Sunday, November 30, 2014

Southern, Gothic, and Supernatural

Website
Hubby Tony and had a very interesting evening last night.  We attended a production of a new-to-me musical called Ghost Brothers of Darkland County

When I first read about Ghost Brothers in the newspaper a few weeks ago I was intrigued by its pedigree.  The show was written by Stephen King, had music and lyrics by John Mellencamp, and was produced by T-Bone Burnett.  The program billed it as "A southern gothic supernatural musical of fraternal love, lust, jealousy, and revenge."

In my experience plays and musicals have multi-night runs at a given theater.  However, this production was more like a concert; last night was the only performance in St. Louis. It was presented at the Peabody Opera House, a 1930's-vintage venue that was renovated and reopened several years ago.   Tony and I arrived at the venue about twenty minutes before the show started.  We walked past the two huge limestone bear statues that guard the outside stairs and into the beautiful marble lobby.  Once I had my purse checked we used the sweeping stairway to go up to the next level, where we entered the theater and took our seats.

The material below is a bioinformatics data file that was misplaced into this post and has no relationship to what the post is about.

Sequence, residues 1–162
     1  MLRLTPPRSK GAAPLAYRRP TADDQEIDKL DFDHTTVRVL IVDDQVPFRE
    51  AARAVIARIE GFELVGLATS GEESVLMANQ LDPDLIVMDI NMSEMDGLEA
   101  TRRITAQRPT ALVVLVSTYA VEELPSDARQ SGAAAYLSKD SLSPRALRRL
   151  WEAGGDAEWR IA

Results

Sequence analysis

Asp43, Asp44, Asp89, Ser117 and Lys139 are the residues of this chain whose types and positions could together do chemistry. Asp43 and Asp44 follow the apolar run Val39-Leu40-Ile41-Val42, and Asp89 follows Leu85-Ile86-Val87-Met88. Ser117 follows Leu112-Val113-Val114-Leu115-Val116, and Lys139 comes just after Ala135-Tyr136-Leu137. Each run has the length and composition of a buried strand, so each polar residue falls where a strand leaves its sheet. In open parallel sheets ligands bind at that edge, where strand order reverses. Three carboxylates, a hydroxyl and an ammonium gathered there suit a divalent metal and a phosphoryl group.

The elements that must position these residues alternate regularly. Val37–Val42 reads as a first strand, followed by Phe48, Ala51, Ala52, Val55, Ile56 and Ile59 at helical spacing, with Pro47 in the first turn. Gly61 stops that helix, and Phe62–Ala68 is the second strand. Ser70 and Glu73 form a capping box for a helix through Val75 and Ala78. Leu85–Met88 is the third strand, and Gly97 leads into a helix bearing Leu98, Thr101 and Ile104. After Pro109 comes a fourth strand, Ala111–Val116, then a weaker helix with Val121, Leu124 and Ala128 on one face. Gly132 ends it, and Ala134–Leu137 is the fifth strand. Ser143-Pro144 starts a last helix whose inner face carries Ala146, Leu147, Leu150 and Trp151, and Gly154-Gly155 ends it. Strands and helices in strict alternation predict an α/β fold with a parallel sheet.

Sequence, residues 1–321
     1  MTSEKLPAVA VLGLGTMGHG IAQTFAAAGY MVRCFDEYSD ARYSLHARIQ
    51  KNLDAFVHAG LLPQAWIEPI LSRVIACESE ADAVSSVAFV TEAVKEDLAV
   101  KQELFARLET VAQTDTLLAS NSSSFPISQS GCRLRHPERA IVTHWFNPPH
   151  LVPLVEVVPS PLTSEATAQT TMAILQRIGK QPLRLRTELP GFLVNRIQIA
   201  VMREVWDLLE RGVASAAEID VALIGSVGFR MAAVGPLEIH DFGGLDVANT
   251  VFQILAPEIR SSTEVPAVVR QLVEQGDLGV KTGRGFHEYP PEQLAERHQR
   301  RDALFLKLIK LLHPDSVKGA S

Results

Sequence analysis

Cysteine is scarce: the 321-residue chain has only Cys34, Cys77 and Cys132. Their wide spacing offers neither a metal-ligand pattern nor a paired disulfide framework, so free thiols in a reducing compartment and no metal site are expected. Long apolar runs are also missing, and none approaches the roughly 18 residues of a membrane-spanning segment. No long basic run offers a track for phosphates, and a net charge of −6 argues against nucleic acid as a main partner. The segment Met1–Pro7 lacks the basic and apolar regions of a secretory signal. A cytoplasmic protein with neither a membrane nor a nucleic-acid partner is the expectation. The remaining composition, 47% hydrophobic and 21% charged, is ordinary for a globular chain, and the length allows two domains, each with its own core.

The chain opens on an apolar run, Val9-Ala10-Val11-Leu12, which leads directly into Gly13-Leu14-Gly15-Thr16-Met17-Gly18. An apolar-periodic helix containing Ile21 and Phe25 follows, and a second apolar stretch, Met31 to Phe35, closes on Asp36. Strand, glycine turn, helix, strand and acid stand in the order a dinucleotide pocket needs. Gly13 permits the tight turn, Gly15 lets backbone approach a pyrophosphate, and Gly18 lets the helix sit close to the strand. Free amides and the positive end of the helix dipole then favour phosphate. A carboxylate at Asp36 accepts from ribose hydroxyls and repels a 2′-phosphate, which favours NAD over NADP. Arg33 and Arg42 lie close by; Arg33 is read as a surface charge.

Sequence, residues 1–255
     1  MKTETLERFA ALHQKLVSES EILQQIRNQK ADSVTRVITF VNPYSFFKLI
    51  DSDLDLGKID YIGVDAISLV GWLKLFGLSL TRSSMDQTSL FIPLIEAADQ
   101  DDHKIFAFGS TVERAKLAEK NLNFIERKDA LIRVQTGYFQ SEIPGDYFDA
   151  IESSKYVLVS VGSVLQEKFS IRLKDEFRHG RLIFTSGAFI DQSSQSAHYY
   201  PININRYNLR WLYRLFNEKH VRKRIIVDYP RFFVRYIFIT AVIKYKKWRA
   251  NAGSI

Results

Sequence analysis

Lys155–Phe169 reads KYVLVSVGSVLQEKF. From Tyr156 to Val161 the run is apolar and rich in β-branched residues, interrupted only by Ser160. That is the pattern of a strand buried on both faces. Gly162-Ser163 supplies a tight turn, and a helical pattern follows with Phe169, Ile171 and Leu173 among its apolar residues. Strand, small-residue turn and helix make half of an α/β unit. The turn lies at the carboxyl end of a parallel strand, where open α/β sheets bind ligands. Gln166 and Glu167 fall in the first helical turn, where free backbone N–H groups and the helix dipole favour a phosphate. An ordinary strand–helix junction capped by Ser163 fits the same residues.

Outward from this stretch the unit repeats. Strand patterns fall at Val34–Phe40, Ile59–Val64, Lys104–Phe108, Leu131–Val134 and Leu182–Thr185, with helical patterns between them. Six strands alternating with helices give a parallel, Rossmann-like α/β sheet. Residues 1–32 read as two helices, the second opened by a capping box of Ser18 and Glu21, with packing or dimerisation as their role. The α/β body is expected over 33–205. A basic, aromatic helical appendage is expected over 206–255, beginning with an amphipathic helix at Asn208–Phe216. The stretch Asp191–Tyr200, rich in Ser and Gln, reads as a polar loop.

Ghost Brothers of Darkland County was one of the most unconventional musicals I've ever watched.  As you'd expect, the music was first-class and diverse.  There was some rock, some blues, and some roots songs.  The plot that Stephen King created was properly dark and creepy, and there were quite a few twists that I wouldn't have guessed were coming (especially the ending).  Tony and I spent most of the ride home discussing our interpretations of what had gone on.

Saturday, November 29, 2014

Mound City

When we heard that the high temperature for today was going to be close to 60 degrees, Hubby Tony and I knew we wanted to do something outside. He reminded me about the Groupon for Cahokia Mounds State Historic Site I had bought some time back that needed to be used. Just like that we had our day planned.